Nate's "Back of the Book" Graphic

  • Nate has revised his "Back of the Book" graphic to substitute a quote from Lucretius for the one formerly listed by Laertius. It turns out that that previous clip, while absolutely accurate in substance, was more of a combination of comments from Laertius and Lucian. Since we didn't want two quotes from Lucian, and Lucretius deserves inclusion anyway, please keep THIS version for the future and sharing on social media. Thanks Nate!

    Also, I wanted to post this as a forum thread so people could find the graphic more easily. There will be discussion of the graphic under the comments to the graphic itself, but sometimes those aren't as easy to find when searching as a forum post.

    The primary home of the graphic is here: Back of Book - Epicurus as a Modern Best-Selling Author

    And here's the image again:


  • My favorite quote on Lucretius comes from Ovid in his Amores.


    The verses of sublime Lucretius are destined to perish only when a single day will consign the world to destruction.

    Cicero, in a letter to his brother;


    The poems of Lucretius are as you write: they exhibit many flashes of genius, and yet show great mastership.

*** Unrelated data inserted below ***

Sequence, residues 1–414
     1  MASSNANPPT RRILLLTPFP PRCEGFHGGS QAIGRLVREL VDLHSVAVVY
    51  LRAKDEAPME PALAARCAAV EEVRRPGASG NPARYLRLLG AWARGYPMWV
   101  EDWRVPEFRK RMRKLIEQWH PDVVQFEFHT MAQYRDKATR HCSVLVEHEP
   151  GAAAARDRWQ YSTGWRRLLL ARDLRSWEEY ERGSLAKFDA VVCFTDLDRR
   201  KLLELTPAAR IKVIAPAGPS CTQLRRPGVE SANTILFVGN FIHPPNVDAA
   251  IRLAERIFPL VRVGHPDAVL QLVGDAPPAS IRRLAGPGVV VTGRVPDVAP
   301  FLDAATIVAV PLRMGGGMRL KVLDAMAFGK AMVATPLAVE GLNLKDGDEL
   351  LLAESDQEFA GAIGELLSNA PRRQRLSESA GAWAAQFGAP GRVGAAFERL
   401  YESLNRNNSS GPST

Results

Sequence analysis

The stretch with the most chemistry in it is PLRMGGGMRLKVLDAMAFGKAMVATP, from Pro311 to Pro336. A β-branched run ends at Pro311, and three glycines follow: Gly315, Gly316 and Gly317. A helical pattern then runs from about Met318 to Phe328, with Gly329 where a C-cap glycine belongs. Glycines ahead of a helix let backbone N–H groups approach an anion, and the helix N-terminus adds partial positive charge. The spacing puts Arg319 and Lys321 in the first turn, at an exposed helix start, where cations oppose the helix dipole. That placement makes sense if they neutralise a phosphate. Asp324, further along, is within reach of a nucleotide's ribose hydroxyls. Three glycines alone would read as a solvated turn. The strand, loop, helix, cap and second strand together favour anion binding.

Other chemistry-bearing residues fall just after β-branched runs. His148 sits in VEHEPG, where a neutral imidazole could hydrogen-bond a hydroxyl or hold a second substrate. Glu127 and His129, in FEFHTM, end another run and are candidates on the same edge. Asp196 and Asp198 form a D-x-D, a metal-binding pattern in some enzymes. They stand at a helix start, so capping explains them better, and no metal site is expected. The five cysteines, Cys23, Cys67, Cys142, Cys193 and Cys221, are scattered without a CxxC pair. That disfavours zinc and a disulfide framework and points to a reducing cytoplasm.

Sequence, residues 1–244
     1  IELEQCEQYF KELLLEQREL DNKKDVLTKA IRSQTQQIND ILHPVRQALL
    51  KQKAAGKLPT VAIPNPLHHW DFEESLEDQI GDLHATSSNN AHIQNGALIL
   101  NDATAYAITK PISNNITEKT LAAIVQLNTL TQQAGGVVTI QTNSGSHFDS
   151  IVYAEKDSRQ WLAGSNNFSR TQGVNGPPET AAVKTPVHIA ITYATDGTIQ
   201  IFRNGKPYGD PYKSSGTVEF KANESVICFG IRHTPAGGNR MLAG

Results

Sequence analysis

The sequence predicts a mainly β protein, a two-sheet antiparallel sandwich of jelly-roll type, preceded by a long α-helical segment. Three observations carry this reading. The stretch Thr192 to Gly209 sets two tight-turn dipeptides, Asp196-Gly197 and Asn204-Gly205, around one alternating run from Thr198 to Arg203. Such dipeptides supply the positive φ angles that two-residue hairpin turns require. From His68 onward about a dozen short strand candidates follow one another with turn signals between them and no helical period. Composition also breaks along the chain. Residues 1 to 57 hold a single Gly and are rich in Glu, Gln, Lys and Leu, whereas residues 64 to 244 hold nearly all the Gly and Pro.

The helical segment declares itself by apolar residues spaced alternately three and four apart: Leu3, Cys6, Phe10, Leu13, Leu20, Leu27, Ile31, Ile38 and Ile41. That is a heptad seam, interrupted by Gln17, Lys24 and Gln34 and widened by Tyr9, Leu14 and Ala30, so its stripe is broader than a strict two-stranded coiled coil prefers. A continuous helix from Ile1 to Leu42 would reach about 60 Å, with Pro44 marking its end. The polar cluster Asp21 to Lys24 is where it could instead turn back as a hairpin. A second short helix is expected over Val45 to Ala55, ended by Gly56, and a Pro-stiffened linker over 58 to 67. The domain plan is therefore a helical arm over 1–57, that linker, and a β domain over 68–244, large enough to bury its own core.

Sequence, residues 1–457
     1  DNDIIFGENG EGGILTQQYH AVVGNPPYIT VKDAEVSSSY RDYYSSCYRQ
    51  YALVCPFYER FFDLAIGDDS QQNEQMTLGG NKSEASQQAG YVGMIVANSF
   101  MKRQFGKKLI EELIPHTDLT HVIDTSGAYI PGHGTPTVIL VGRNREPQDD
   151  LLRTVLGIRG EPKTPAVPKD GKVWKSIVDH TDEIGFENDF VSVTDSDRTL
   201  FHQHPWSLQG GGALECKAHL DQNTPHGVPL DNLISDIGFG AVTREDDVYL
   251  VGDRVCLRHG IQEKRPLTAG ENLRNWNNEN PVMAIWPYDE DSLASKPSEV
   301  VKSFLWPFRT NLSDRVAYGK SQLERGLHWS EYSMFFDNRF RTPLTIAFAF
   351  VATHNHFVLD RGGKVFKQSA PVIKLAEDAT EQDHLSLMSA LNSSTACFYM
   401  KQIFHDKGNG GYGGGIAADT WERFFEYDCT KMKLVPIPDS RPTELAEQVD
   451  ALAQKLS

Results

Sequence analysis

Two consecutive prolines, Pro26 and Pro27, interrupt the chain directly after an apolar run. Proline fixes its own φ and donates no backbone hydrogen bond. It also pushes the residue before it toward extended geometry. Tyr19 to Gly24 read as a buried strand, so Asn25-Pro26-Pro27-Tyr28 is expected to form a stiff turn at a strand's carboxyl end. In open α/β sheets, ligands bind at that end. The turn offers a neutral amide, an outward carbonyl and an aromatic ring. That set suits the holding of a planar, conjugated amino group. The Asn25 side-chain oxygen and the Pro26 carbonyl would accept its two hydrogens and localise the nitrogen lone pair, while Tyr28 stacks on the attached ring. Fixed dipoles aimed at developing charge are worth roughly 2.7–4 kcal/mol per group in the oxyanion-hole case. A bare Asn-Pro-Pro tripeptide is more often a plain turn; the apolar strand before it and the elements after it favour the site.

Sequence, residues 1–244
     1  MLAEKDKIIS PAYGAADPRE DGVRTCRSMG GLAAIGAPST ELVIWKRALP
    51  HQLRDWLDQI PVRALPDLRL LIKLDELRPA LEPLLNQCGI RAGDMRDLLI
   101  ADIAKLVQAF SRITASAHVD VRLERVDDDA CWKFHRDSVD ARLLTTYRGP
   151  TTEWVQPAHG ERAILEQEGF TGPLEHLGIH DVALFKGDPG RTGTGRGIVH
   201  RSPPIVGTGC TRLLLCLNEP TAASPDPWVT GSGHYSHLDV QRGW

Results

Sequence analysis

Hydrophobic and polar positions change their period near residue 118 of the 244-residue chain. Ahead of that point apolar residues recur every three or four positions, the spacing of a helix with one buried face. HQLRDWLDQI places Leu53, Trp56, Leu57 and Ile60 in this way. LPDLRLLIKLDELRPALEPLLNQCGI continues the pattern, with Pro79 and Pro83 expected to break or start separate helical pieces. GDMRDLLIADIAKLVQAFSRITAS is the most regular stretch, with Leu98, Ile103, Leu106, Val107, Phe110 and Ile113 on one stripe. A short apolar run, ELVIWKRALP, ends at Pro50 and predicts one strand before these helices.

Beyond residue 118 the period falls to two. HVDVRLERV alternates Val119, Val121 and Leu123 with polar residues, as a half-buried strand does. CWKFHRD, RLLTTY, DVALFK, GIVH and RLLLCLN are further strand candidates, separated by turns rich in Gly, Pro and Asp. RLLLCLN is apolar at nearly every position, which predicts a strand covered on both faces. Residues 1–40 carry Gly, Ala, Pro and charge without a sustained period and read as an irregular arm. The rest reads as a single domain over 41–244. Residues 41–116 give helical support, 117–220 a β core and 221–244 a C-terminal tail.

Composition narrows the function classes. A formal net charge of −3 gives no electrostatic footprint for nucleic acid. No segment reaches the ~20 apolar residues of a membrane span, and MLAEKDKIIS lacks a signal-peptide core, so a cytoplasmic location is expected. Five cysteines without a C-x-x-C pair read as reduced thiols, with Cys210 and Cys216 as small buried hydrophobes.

Albert Einstein, in a preface to a German edition;


    For anyone who is not completely submerged in the spirit of our age, who feels instead like a spectator as the world goes past him, especially, from time to time, vis-à-vis the intellectual attitudes of his contemporaries — on him will Lucretius's poem work its magic

    George Santayana;


    That things have their poetry, not because of what we make them symbols of, but because of their own movement and life, is what Lucretius proves once for all to mankind.


    Whether it be a wind blowing, a torrent rushing, a lamb bleating, the magic of love, genius achieving its purpose, or a war, or a pestilence, Lucretius sees everything in its causes, and in its total career. One breath of lavish creation, one iron law of change, runs through the whole, making all things kin in their inmost elements and in their last end. Here is the touch of nature indeed, her largeness and eternity. Here is the true echo of the life of matter.

    And–why not! Lucy Hutchinson;


    [...] I found I never understood him till I learned to abhor him, and dread a wanton dalliance with impious books.